Most World War II buffs know about some high-ranking Germansâ€™ attempt to assassinate Adolf Hitler in July 1944. But not-so-well-informed history geeks â€” like me â€” should learn a lot from Valkyrie, Bryan Singerâ€™s data-rich procedural about the close-but-no-cigar coup attempt.
A surprisingly suspenseful thriller, considering we know how it ends from the start, Valkyrie was painstakingly put together by â€œthe usual suspectsâ€ team of director Bryan Singer and writer Christopher McQuarrie (Nathan Alexander also worked on this script). Light on military action â€” itâ€™s mostly a series of high-risk deceptions, close calls and miscommunications â€” the film develops increasing tension through straightforward plot unraveling. Though inevitably talky, it benefits from a hushed, matter-of-fact tone that, while not the most dynamic way to tell a tale, certainly seems apt for the conspiratorial business at hand.
Individualsâ€™ motives and contradictions could have been better-explored, but then the Third Reich was falling apart and Nazis were still Nazis. So what else do we really need to know about some sensible Germansâ€™ rationales for trying to stop the carnage sooner rather than too late?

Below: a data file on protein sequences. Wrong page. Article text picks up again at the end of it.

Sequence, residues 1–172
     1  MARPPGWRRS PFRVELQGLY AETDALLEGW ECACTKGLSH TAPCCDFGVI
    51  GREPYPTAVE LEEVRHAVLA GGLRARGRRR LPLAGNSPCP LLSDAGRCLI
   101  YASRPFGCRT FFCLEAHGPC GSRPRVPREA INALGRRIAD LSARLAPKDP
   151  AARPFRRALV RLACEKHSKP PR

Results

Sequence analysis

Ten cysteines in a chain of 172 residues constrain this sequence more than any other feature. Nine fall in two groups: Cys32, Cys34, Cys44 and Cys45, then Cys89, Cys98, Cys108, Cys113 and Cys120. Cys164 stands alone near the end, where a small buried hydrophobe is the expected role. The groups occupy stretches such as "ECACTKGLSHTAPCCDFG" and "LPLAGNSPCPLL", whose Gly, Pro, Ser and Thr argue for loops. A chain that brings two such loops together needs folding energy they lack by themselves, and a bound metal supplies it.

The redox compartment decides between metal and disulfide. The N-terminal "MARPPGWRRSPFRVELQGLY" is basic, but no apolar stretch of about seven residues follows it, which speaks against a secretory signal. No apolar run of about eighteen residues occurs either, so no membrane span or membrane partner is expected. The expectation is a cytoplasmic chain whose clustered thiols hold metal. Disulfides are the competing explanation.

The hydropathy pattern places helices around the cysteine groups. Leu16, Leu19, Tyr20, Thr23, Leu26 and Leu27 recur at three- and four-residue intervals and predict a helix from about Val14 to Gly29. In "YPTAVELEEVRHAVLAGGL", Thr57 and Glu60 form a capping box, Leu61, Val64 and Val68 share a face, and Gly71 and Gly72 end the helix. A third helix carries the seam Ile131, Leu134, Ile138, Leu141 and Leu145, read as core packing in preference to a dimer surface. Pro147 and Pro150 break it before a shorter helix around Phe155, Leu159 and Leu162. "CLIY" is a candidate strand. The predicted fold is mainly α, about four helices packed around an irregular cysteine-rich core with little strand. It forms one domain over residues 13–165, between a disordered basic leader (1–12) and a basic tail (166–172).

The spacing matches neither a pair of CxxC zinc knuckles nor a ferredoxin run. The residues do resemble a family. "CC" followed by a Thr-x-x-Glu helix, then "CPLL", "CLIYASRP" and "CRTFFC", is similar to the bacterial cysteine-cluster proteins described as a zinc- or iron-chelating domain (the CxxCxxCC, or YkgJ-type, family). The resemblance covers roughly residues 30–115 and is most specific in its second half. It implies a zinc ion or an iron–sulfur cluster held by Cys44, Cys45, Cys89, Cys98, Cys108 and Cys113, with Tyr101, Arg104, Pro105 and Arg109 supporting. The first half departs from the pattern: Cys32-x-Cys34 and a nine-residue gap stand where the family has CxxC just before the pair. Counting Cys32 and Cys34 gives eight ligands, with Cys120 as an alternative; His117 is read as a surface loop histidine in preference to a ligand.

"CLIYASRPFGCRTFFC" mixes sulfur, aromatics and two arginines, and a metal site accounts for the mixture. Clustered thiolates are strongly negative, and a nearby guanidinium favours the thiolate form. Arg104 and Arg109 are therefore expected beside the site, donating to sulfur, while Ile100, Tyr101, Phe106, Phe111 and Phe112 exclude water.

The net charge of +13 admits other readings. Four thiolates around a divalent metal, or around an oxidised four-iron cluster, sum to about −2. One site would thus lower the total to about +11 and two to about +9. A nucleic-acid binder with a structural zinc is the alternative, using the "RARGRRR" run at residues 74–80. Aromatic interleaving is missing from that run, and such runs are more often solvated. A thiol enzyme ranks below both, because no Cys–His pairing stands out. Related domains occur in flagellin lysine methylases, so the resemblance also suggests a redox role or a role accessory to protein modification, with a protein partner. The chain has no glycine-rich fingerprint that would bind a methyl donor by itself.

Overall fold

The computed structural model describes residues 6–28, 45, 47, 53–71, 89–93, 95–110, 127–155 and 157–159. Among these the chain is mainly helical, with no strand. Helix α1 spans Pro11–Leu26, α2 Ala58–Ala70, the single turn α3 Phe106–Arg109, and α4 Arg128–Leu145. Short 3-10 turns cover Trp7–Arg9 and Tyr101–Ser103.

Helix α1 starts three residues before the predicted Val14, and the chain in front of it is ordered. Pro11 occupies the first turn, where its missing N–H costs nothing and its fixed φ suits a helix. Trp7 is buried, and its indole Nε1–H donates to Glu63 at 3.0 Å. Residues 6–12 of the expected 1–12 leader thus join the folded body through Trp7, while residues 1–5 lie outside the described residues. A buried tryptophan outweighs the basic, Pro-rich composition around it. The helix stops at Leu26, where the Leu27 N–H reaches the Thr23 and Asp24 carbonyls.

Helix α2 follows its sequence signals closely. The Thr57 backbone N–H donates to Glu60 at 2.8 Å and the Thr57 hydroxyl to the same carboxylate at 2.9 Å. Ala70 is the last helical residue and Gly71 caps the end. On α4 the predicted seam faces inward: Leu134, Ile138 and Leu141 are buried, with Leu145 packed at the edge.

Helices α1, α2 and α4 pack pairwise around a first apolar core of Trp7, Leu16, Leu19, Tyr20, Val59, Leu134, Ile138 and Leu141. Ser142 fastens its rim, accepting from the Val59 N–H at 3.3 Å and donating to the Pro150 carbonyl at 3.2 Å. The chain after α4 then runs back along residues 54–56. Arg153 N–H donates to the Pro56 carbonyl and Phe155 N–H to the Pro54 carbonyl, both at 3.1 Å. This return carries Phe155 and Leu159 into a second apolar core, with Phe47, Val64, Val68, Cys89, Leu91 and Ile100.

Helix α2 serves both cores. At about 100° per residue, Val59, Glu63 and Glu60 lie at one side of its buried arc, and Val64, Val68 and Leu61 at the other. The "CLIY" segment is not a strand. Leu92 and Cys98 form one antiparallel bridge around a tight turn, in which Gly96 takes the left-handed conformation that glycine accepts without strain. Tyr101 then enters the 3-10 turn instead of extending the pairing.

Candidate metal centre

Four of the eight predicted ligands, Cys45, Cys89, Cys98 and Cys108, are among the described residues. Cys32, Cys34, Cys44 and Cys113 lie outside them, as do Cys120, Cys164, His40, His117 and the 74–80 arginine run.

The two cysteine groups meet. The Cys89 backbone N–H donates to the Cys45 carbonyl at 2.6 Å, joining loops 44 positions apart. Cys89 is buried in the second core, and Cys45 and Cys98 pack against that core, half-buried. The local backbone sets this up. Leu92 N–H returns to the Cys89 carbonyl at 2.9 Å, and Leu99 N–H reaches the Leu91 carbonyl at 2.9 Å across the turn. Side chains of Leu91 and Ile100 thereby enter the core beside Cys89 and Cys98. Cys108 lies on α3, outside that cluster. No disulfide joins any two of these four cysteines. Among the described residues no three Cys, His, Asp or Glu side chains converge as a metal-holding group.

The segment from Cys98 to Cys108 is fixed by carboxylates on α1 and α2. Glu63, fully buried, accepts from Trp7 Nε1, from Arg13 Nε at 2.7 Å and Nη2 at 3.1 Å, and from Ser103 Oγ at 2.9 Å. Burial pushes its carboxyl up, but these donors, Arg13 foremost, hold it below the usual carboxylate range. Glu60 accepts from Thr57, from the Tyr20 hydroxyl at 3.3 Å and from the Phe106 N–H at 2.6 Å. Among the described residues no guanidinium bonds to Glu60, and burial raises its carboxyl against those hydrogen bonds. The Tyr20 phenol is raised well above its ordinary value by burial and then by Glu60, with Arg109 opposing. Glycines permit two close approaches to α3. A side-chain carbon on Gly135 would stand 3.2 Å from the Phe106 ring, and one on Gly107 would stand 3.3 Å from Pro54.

Tom Cruise plays Col. Claus von Stauffenberg, the plottersâ€™ de facto leader and the guy who personally brought the bomb to the Fuhrerâ€™s Russian front headquarters. An aristocratic anti-Nazi for some time, he worked his way up through the war ministry to get that close to the despised leader. The fact that Stauffenberg gave up an eye and an arm in the service of the Fatherland impressed Hitler. Chronic Cruise criticizers who still say he looks goofy with an eye patch or giving a stiff-stump â€œheilâ€ salute after seeing this picture are only demonstrating willful historical ignorance.
Perhaps the complaint that Cruise speaks in flat, American intonations while such fine English co-stars as Tom Wilkinson, Bill Nighy, Kenneth Branagh, Eddie Izzard and Terence Stamp use their natural voices is, for some, more legitimate. It didnâ€™t bother me, though, especially since no one goes out of their way to emphasize their accent like they do in such ludicrously British Holocaust dramas as The Boy in the Striped Pajamas and the upcoming Good.
But if dialects donâ€™t always match in Valkyrie, everything else about the film does to an enjoyably immersive degree. The sets, uniforms, equipment and even the weather conditions appear carefully orchestrated to make us believe that this actually could be Berlin and East Prussia just as it was all about to go to hell.
And as the debacle of a few good Germansâ€™ efforts to assist history comes agonizingly close to the success we wish it would have had, Valkyrie quite pragmatically teaches us that righteousness and moral courage arenâ€™t always enough to overcome evil â€” or even the quite human factors of paranoia and self-delusion, weaknesses that were hardly exclusive to just Nazis.
(Source: Houston Chronicle)